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Miscellaneous
Car Accident
By Cynthia Kirkeby
May 29, 2004, 12:50

askneck

Topic: Car Accident


Class Brain Visitor:


My daughter broke 2 bones in her neck from a car accident, we were wondering how many bones you actually have in your neck.

Although she has a brace on we have been told that she will have no long term problems, although she is very worried that as soon as the brace comes off she will only need to move suddenly and she will be back to square one or unable to move.  Could you confirm that this will not be the case to put her mind at rest.

Thank you.



Class Brain Response:



There are 7 cervical vertebra (or spinal bones) in your neck. So your
daughter apparently broke 2 of the seven. There are a number of types of
"breaks" or fractures that can take place as you can see on this link.

Since your daughter was injured in a car accident, she probably sustained a
compression fracture, where the bone cracks from the force of the collision.
You'll have to discuss this with her doctor to be sure. From your brief
description, it doesn't sound as though she had surgery, so the fracture was
probably more of a crack that a "break."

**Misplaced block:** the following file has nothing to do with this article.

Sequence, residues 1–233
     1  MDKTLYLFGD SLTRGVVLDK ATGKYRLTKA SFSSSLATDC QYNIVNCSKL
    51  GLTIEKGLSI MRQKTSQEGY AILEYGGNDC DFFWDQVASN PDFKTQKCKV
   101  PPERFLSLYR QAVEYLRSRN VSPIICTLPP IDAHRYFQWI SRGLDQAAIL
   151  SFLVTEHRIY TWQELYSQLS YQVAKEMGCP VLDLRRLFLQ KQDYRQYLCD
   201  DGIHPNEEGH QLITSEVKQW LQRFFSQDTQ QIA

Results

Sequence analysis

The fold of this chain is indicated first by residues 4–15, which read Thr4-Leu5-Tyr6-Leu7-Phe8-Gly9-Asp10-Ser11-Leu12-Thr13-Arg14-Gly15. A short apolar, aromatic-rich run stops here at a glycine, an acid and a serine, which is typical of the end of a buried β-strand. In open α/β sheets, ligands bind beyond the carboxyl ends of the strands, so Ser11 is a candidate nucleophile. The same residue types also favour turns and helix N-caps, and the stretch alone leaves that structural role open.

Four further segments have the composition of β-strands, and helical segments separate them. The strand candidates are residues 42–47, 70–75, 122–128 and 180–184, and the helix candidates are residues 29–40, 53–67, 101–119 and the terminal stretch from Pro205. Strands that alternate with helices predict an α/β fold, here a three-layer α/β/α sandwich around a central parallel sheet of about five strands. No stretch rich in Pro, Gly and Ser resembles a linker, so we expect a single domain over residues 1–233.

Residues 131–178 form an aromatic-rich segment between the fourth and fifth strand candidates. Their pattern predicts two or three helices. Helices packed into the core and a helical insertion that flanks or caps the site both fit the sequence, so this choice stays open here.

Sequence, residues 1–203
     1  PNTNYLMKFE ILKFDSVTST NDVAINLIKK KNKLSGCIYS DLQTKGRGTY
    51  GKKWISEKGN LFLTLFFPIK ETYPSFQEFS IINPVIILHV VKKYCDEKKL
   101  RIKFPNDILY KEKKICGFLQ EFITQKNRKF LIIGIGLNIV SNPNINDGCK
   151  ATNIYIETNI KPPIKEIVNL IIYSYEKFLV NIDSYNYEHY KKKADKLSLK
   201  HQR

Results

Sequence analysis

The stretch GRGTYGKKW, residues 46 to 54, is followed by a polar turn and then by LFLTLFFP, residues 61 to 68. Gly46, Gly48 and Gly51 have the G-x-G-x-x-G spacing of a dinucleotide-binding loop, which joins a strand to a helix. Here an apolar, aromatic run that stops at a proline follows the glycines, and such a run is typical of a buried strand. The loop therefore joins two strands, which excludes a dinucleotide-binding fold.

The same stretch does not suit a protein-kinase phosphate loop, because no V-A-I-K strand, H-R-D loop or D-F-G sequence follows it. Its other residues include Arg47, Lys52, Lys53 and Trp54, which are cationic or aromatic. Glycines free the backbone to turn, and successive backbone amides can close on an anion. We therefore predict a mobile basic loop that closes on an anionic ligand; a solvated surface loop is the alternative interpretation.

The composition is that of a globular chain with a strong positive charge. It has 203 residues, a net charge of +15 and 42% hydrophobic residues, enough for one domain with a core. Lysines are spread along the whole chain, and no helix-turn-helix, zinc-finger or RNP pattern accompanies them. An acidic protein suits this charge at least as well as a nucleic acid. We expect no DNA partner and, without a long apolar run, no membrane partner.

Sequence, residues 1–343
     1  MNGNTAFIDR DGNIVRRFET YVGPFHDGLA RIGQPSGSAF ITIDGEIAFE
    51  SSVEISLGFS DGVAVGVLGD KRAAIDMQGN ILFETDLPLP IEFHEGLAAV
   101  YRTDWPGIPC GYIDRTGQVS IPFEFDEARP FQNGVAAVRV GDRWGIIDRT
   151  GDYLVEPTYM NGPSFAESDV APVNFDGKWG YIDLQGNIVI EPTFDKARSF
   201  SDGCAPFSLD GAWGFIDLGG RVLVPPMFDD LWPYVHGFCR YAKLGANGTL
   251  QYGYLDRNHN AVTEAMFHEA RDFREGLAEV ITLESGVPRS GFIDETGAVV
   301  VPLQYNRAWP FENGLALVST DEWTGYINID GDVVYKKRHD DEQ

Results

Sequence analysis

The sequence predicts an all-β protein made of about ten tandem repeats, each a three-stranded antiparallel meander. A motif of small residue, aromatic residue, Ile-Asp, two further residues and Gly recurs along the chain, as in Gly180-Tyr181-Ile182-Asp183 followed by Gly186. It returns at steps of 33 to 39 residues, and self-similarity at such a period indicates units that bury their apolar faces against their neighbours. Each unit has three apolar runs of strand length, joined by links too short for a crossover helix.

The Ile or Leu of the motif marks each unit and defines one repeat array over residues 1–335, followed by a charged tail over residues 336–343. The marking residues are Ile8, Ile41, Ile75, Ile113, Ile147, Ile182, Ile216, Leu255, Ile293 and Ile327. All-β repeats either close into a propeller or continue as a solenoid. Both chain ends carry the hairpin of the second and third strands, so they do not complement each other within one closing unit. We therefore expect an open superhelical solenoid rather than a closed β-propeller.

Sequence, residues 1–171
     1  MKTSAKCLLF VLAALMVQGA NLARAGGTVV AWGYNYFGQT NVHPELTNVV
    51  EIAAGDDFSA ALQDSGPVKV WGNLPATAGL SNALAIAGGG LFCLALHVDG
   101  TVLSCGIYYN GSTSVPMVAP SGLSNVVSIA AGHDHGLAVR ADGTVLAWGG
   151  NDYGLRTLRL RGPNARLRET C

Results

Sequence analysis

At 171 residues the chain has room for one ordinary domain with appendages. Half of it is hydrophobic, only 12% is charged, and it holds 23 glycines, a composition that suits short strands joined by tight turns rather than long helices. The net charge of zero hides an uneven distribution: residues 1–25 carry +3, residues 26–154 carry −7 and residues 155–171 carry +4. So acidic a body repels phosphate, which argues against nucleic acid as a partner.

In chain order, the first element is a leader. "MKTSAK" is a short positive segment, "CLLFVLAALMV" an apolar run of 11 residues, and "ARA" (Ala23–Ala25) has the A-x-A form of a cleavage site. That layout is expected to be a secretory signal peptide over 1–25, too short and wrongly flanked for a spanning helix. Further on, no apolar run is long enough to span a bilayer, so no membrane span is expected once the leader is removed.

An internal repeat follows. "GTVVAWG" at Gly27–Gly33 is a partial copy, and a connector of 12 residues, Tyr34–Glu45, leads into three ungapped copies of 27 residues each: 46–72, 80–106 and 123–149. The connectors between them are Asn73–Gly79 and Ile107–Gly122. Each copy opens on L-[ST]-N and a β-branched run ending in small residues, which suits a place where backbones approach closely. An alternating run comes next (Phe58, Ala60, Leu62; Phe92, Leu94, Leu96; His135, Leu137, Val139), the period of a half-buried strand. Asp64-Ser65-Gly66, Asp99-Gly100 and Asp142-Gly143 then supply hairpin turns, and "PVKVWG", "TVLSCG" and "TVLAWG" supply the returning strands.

She really doesn't have to worry about not being able to move if she moves
suddenly after the doctor tells her that she's healed and doesn't have to
wear the brace anymore. For her to be at risk in that way, she would have
to have a fracture that was a true break all the way through the bone. Then
the worry would be that she might displace the bone and damage the spinal
cord. If either of you have any further questions or fears, I would advise
you to sit down with her doctor for a moment and review her x-rays. Explain
her fears and ask the doctor to explain things "in simple non-medical terms"
that you can both understand.

I suffered through 3 compression fractures of my spine when I was younger.
It was very painful and scary so I can relate to your daughters concerns.
Rest assured that when the doctor says that she can take her brace off,
he/she will be sure that her cervical vertebra are properly healed and she
is no longer at risk for further injury. She'll have to be careful, as with
any injury to not re-injure herself. It takes a little while for the body
to make a full and complete recovery, but that usually means that you both
need to exercise a reasonable prudence about risky activities - such as not
playing team contact sports for awhile.

Once you injure your spine you find that you really value your body. Some
activities no longer seem reasonable, but you don't have to become a recluse
or stop exercising. On the contrary, it is very important for her to do good
back exercises once she's able to. If the muscles are toned and in shape
her spine will be kept in better shape as well. You can ask her doctor for
a list of exercises and he may recommend some time with a physical therapist
if you ask for one. They're great when it comes to figuring out how to
exercise again without injuring yourself.

I hope that this has helped. Remember to call the doctor to go over any
other concerns that you and your daughter have. That's their job. :)

Cynthia Kirkby
Class Brain


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